In preparation for the Two Ways to Build a Log Cabin workshop I thought I’d have a go at a third Log Cabin technique: Wonky Log Cabin blocks.

Guided by Jackie White’s instructions in her chapter of the book ‘I love Log Cabins‘ I set to; diving into my boxes of fabric strips (I know! More scrap fabrics!). The boxes were stuffed so full that taking the lids off was like activating a Jack-In-The-Box ๐Ÿ˜€

It took about twelve strips of fabrics ranging from 1″ to 3″ wide to make each of the blocks. Here they are before I trimmed them……

….. and after I trimmed them to 6ยผ” square…

I used the no-binding method to make the blocks into mug rugs:

First layer a quilt sandwich:

  • Place the batting on a flat surface. (I used two pieces of cotton batting so the mug rugs would give a bit of protection to table tops, you could of course use an insulating batting).
  • Onto the batting lay the backing fabric, right side facing up (I found some cotton flannel to use as backing).
  • Then lay the patchwork block on top of the backing, right side facing down.
  • Smooth the fabrics flat and use a few basting pins to stop the layers shifting as you sew.

Next stitch the layers together:

  • Using good quality thread stitch a seam ยผ” inside the edge of the patchwork block.
  • Leave a gap in the seam about 2ยฝ” wide. Strengthen the seam either side of the gap with backing stitches.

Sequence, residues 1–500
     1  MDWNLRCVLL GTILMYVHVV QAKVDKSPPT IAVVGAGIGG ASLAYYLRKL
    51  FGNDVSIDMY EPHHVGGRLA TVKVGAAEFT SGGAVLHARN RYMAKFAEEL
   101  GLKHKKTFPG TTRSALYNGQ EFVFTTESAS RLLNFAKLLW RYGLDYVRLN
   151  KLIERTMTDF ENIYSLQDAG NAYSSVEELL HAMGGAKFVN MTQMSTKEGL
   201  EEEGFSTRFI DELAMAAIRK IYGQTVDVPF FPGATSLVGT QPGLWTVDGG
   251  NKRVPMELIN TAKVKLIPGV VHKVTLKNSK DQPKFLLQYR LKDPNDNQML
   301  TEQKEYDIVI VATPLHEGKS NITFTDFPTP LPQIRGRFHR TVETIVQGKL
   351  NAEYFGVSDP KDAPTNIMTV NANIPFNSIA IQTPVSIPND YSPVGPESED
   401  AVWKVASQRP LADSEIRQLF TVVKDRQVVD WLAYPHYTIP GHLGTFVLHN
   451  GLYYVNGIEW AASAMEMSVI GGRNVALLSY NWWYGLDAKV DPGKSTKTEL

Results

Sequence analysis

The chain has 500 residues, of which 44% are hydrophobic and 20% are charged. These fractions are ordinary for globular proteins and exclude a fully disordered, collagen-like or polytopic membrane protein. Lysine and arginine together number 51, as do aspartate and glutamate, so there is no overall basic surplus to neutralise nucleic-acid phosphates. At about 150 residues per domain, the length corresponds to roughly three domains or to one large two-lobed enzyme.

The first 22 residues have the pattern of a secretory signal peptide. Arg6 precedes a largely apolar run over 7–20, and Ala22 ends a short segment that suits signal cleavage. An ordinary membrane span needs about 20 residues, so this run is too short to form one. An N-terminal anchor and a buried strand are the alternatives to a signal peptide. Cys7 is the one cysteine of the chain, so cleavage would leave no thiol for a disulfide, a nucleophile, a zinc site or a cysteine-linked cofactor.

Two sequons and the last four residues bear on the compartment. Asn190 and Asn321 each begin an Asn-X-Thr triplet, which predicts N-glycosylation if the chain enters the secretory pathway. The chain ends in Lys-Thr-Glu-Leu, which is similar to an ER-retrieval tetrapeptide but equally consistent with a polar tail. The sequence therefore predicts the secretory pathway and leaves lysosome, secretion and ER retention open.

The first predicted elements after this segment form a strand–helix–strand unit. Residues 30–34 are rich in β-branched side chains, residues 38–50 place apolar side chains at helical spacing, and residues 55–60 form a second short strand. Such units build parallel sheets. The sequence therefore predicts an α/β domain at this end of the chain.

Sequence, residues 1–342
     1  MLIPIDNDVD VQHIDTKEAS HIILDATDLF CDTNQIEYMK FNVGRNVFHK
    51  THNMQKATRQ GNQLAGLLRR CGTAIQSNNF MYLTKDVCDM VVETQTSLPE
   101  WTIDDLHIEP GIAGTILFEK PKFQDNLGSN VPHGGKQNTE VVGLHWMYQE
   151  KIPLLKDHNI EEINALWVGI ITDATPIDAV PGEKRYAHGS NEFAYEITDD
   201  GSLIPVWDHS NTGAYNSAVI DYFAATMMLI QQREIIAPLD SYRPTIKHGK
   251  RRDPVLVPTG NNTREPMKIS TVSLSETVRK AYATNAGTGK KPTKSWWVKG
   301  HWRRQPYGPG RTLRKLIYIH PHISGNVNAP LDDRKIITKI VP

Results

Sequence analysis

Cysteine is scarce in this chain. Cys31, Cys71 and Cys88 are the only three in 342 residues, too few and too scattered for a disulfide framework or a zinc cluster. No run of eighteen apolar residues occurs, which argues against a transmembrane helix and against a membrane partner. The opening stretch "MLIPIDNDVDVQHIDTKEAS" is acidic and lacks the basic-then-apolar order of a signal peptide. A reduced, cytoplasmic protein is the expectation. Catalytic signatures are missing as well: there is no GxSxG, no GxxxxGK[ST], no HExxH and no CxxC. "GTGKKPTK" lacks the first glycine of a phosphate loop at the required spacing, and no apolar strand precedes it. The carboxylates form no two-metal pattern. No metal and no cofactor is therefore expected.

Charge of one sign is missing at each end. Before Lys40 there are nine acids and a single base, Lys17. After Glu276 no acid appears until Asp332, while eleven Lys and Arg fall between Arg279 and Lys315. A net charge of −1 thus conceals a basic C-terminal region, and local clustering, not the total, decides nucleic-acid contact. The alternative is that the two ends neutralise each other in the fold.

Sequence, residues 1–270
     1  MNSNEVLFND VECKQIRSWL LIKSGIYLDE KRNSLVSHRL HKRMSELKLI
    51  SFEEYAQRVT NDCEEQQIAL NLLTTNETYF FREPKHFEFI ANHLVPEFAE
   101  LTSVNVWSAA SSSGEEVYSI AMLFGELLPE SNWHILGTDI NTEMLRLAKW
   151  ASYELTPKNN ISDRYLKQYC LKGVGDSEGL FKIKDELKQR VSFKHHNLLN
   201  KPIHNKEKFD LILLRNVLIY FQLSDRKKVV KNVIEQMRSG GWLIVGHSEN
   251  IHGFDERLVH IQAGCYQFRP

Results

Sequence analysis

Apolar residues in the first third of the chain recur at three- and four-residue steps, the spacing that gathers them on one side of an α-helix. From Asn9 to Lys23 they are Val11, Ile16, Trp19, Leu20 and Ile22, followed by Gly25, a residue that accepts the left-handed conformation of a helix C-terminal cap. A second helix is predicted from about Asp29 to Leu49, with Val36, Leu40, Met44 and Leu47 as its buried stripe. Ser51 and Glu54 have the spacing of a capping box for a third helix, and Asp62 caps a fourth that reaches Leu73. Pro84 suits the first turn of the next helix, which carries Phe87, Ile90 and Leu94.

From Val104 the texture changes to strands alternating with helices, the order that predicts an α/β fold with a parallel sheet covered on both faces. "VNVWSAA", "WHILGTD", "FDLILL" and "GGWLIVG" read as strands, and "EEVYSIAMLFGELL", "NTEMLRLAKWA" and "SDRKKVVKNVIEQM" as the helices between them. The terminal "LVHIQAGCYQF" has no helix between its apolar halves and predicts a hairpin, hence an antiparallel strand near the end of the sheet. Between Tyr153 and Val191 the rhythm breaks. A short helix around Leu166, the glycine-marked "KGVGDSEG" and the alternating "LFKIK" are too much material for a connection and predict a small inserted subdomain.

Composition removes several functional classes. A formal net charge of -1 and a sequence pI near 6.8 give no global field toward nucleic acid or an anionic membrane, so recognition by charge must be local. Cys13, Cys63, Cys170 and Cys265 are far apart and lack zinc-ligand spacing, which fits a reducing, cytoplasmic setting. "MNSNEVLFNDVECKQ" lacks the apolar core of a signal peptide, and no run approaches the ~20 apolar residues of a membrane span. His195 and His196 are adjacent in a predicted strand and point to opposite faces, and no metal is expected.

Sorry it’s a bit hard to see.. The seam is stitched on the light blue fabric and the threads show the gap in the seam.
  • Cut away the excess backing and wadding fabrics up to the edge of the patchwork block. Tip: I leave about ยผ” of excess fabric alongside the gap in the seam – this makes it easier to tuck the fabrics in when it comes to stitching the gap closed. Cut across the corners being careful not to snip the stitching.

  • Use the gap in the seam to turn the Mug Rug layers inside out. Push out the corners with a blunt tool.

Finishing the Mug Rug:

  • Close the gap in the seam by hand stitching or by machine.
  • Roll the edges of the Mug Rug with your fingers to flatten them and then pin.
  • Stitch a line of quilting stitches about ยผ” – ยฝ” from the edge of the Mug Rug to keep the layers in place.
  • Add further quilting as desired.

I had time to test out a Mug Rug before packing it and the other four along with my class notes and demonstration materials ready for the workshop tomorrow. ๐Ÿ™‚

Linking with Susan for Midweek Makers and Kelly for Needle and Thread Thursday.

Allison

Improv Free Motion Quilting and a Missing UFO

My Word for 2020 icon by Allison Reid

I am so happy with the progress I made at Jo Westfoot’s ‘Mix It Up Improv Free Motion Quilting Class‘. ๐Ÿ™‚ I’ve dabbled in the past but you know I have a love-hate relationship with free motion quilting. In a recent blog post I went as far as to call it a battle! Anyway, in the spirit of GROW (my word for 2020) I booked myself onto the class. I’m so glad I did.